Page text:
Earlier this year, film producer and investor Moshe Edery fired warning shots at Mastercard, Visa and American Express for continuing to provide payment processing to pirate streaming sites.
Edery, the co-founder of Screen iL, an international TV streaming platform for Israelis living abroad, said companies should be aware that pirate sites are involved in criminal copyright infringement and the money laundering. The suggestion was that by continuing to do business with them, payment companies should also expect legal action against them.
Although this is a first in the fight against piracy, several companies linked to Edery have just won three separate copyright lawsuits in the United States. The judgments and injunctions not only open new horizons in the United States, but could also represent one of the most important anti-piracy victories of the century.
Edery affiliates sued pirate sites in 2021
Last year, companies including United King Film Distribution, DBS Satellite Services and Hot Communication filed three copyright infringement lawsuits in the US District Court for the Southern District of New York. Each complaint targeted a specific pirate streaming site – Israel-tv.com, Israel.tv and Sdarot.tv – the latter being Israel’s most popular pirate streaming site with millions of visitors each month.
At least in general terms, prosecutions were relatively mundane. They toed traditional lines by demanding $150,000 in statutory damages for each copyrighted work infringed and an injunction to stop the infringement from proceeding. From the start, it seemed highly unlikely that the operators of these sites would take to court to defend themselves, meaning that the plaintiffs’ victory in these cases was never really in doubt.
Late last week, the plaintiffs won all three lawsuits by default judgments. The court ordered the operators of Israel-tv.com, Israel.tv and Sdarot.tv to each pay $7,650,000 in damages for copyright infringement relating to 51 recorded works belonging to the plaintiffs.
While the nearly $23 million in damages is not a negligible amount, the injunctions issued in all three cases are unheard of in a TV/movie piracy case.
Permanent injunctions open new horizons in the United States
In all three judgments, defendants are enjoined and restrained from infringing plaintiffs’ rights, including by broadcasting, distributing or making available to the public any of their copyrighted works. They are also prohibited from operating their websites from existing domains or any other domains they may use in the future.
All the pretty standard stuff so far – and then the big one.
All ISPs…and any other ISPs providing services in the United States shall block access to the Website at any domain address known today…or to be used in the future by Defendants…by any technological means available on ISP systems.
Attached to each judgment is a list of US-based ISPs who are required to not only block domains currently used by pirate sites, but also any domains they might use in the future. The first page of the ISP list is shown below, but there are nine pages in total covering nearly 100 residential ISPs.
The orders also specify that the list is not exhaustive, which means that the orders also apply to all other ISPs providing services in the United States.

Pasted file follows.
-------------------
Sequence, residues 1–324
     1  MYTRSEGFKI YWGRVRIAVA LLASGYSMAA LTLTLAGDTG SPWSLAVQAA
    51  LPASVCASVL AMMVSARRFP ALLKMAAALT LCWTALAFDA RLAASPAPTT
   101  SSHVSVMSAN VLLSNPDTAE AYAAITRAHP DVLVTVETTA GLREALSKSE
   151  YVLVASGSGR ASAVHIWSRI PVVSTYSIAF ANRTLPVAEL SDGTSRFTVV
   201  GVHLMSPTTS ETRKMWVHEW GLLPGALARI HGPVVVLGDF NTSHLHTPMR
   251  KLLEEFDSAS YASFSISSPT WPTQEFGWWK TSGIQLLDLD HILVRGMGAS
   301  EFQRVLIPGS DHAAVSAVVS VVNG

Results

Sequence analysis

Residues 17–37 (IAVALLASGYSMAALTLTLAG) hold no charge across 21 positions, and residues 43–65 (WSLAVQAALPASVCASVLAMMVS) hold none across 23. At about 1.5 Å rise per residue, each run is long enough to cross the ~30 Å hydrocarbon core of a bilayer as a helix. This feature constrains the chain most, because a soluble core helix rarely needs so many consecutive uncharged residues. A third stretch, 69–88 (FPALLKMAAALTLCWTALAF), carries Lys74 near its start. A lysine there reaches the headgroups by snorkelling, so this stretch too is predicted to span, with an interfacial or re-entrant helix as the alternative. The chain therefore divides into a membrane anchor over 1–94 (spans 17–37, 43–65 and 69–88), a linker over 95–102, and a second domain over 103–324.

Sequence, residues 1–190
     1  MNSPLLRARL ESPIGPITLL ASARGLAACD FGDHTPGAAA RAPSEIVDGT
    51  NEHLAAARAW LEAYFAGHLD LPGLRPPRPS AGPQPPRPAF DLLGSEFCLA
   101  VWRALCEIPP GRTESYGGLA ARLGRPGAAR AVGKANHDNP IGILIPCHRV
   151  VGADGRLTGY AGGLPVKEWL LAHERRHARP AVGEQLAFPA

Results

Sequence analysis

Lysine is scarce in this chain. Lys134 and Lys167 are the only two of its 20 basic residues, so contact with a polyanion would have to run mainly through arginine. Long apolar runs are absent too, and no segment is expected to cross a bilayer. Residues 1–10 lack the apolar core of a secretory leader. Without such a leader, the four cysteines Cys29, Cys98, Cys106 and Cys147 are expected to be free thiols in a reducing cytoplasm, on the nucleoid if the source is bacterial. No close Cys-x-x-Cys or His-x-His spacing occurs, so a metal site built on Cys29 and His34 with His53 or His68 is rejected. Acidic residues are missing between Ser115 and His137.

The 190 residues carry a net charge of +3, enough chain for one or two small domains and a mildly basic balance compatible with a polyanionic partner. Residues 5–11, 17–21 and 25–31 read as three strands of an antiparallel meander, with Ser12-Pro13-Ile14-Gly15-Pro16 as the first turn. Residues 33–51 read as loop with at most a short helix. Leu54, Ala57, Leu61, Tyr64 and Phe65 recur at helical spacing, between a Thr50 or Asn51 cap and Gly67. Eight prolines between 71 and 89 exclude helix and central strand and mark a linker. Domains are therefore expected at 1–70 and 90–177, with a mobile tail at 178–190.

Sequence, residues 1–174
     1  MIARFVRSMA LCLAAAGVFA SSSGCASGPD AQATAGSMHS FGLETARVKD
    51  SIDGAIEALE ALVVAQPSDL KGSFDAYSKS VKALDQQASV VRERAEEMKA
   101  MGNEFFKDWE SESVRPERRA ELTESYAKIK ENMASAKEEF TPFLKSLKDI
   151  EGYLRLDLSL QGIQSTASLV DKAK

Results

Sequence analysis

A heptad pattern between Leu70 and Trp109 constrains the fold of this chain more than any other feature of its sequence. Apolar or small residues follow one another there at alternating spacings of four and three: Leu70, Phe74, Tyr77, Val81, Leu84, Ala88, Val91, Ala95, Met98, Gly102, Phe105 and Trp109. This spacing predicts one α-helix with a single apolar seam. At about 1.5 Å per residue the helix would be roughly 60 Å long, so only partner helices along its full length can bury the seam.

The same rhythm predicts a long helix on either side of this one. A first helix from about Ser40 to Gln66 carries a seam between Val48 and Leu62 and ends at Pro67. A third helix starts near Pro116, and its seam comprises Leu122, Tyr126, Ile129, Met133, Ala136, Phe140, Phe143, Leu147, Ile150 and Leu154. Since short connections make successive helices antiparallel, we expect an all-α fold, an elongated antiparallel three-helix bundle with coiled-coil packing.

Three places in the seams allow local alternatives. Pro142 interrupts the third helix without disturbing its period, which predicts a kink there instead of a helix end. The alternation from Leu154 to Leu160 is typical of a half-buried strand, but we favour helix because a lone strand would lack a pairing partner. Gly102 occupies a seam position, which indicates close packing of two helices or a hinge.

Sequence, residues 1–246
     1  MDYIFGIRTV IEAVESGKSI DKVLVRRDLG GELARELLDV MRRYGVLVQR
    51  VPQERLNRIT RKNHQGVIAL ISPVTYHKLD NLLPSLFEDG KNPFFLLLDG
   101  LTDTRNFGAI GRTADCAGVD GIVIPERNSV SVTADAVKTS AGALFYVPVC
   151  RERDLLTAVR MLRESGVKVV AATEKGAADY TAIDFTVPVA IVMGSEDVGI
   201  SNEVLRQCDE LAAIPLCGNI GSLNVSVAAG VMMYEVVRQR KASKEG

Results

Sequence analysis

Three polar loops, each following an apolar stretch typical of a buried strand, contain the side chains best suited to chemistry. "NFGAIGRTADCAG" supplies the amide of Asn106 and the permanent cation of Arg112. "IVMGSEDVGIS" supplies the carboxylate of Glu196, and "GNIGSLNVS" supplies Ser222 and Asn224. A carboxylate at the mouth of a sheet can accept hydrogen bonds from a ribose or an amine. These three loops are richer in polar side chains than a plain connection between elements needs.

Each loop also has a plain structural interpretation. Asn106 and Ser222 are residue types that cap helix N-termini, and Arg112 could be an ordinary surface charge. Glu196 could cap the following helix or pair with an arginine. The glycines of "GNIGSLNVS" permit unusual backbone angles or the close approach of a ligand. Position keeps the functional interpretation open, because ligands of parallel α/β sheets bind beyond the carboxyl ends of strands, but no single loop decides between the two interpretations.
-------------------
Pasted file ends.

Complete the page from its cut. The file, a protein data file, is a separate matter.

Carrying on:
“Domain addresses and any newly detected websites must be funneled in such a way that users cannot log in and/or use the website, and will be diverted by ISP DNS servers to an exploited landing page and controlled by the plaintiffs,” the injunctions continue.
It’s unclear how long it will take all ISPs in the United States to comply with the command, but the specified landing page is already live on http://zira-usa-11025.org.
So here we seem to have three substantially identical judgments and permanent injunctions that compel all ISPs in the United States to implement site-wide blocking for copyright infringement. Additionally, these are examples of so-called “dynamic” injunctions that are designed to accommodate any anti-blocking countermeasures sites may deploy in the future.
These injunctions already exist in several other countries, but at least to our knowledge, this is the first time that copyright holders have been granted such sweeping powers in the United States. SOPA promised to block the whole site for piracy, but a decade later it turns out that the existing copyright law was already pretty good.
Additional Features of Injunctions
The three injunctions prevent any third-party company (including ISPs, hosting providers, CDN providers, DNS providers, domain name companies, advertising services, financial institutions, payment processors, etc.) to do business with the sites on their current domains or any new ones.
All domains must be funneled to the landing page operated by the plaintiffs and all companies where the defendants hold accounts must be located and frozen. To satisfy the damages listed in each judgment, all funds in these accounts must be transferred to the plaintiffs within 30 days.
Complainants can also perform additional discovery against virtually any entity they believe is connected to the infringing sites (or their operators) to locate more assets.
If the defendants don’t like the court’s decision, they are welcome to appeal, but having avoided court so far, that seems unlikely. It’s currently unknown if every (or any) ISP in the US will challenge the injunction, but we can be pretty sure that if they choose not to, these three site-blocking injunctions won’t be the last in the United States.
The three judgments and injunctions can be found here (1,2,3, pdf)